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U.S. Air Force’s 2015 Budget Request Funds Fewer GPS 3 Satellites

Currently Lockheed Martin is under contract to build eight GPS 3 satellites, which are designed to be more accurate and less vulnerable to enemy jamming than previous generations of GPS craft. Credit: Lockheed Martin artist's concept

WASHINGTON — The U.S. Air Force is proposing to scale back its planned procurement of rockets and GPS navigation satellites in 2015 while beginning long-deferred work on a new weather satellite system, the service said in budget request documents for the upcoming fiscal year.

At this time last year, the Air Force was planning on buying two additional next-generation GPS 3 navigation satellites next year from prime contractor Lockheed Martin Space Systems of Denver. Now the service plans on buying just one, according to the budget documents, which were released March 4.

Currently Lockheed Martin is under contract to build eight GPS 3 satellites, which are designed to be more accurate and less vulnerable to enemy jamming than previous generations of GPS craft. With most of its investment in development of the new craft behind it, the Air Force expected to pay about $223 million apiece for two additional satellites in 2015, according to documents that accompanied the 2014 request.

The Air Force currently has 31 earlier-generation GPS satellites active on orbit and has launched five of the 12 satellites in the current series of satellites, called GPS 2F. The first GPS 3 satellite is scheduled to launch in late 2015. 

The Air Force’s 2015 budget request also includes money to begin development of a new generation of polar-orbiting weather satellites. Known as the Weather System Follow-On (WSF), the program would replace the long-running Defense Meteorological Satellite Program.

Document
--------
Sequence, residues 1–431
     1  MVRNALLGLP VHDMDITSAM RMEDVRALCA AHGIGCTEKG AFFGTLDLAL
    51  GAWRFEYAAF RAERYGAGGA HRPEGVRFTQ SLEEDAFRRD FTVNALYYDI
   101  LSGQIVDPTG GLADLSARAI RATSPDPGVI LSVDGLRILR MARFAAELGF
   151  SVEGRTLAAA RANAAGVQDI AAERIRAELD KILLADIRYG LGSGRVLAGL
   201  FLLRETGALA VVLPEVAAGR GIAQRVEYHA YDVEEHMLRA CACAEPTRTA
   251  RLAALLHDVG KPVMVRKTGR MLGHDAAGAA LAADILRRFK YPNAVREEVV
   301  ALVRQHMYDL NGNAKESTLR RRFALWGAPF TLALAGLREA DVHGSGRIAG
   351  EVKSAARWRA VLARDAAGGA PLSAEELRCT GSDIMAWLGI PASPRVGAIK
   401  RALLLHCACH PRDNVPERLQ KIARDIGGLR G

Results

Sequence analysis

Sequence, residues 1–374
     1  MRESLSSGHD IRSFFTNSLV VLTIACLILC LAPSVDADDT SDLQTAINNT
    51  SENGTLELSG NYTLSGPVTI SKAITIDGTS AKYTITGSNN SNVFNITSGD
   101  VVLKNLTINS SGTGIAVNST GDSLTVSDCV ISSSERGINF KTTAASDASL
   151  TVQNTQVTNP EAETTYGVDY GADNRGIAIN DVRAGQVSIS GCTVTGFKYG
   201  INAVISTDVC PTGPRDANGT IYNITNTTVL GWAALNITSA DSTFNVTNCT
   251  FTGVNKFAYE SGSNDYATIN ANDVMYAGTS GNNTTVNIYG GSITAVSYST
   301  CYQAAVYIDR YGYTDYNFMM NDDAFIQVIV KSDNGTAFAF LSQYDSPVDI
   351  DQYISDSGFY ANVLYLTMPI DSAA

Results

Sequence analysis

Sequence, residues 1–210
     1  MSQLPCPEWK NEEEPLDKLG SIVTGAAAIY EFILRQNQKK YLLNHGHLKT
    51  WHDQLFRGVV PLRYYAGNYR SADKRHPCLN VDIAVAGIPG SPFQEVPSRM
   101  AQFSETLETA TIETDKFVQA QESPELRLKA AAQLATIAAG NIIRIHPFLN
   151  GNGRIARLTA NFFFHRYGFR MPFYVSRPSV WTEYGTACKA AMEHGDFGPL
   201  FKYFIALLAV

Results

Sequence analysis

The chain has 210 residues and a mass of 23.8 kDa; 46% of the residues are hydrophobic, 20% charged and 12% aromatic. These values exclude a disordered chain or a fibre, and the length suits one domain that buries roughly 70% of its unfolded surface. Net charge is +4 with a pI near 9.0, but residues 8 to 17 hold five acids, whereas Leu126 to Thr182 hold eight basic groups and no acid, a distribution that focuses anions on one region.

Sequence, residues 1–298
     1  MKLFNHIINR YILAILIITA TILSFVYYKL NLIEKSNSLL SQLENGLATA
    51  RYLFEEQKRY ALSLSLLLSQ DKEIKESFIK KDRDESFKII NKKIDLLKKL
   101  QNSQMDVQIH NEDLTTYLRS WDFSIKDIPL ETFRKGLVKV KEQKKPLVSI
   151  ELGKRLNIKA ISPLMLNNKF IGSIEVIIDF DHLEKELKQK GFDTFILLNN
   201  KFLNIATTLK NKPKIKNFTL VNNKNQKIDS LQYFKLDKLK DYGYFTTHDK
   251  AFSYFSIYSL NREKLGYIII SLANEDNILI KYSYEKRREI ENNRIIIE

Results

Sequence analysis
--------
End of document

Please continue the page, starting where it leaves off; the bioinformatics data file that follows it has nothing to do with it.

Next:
Gen. William Shelton, commander of Air Force Space Command, said in January the new military weather satellites could be a showcase for disaggregation, an emerging vision for space that favors smaller, less complex satellites, hosted payloads and other deployment schemes versus the large, complex systems that have been the standard for decades.

“WSF will take a disaggregated system-of-systems approach to meet specific Department of Defense needs while leveraging near-term civilian and international partnerships,” the Air Force’s 2015 budget documents said. “WSF will be comprised of a group of systems to provide timely, reliable, and high quality space-based remote sensing capabilities that meet global environmental observations of atmospheric, terrestrial, oceanographic, solar-geophysical and other validated requirements.”

The Air Force’s second-to-last Defense Meteorological Satellite Program satellite, Flight 19, is scheduled to launch aboard a United Launch Alliance Atlas 5 rocket in April. The Air Force has been studying options for a follow-on system ever since the cancellation in 2010 of an overbudget civil-military system.

Shelton had said the first of the new-generation weather satellite platforms could launch around 2020.

Meanwhile, the Air Force plans to purchase two fewer launches than expected in 2015 under  its Evolved Expendable Launch Vehicle (EELV) program. The service’s 2014 budget request outlined plans to buy five rockets at a cost of approximately $883 million in 2015. The documents accompanying the 2015 request indicate that the Air Force now plans to buy three launches during the year. 

“The EELV program has been aligned with satellite launch schedules in FY 2015,” the documents said.

The difference reflects “newly negotiated contract savings,” budget documents said. In December, United Launch Alliance and the Air Force announced they had reached terms for the first batch of rockets in a long-awaited block buy of EELV rockets and claimed they saved as much as $4.4 billion.

Further details of U.S. President Barack Obama’s 2015 Pentagon budget request, including military space programs, are expected to be released the week of March 10.

 

Follow Mike on Twitter: @Gruss_SN

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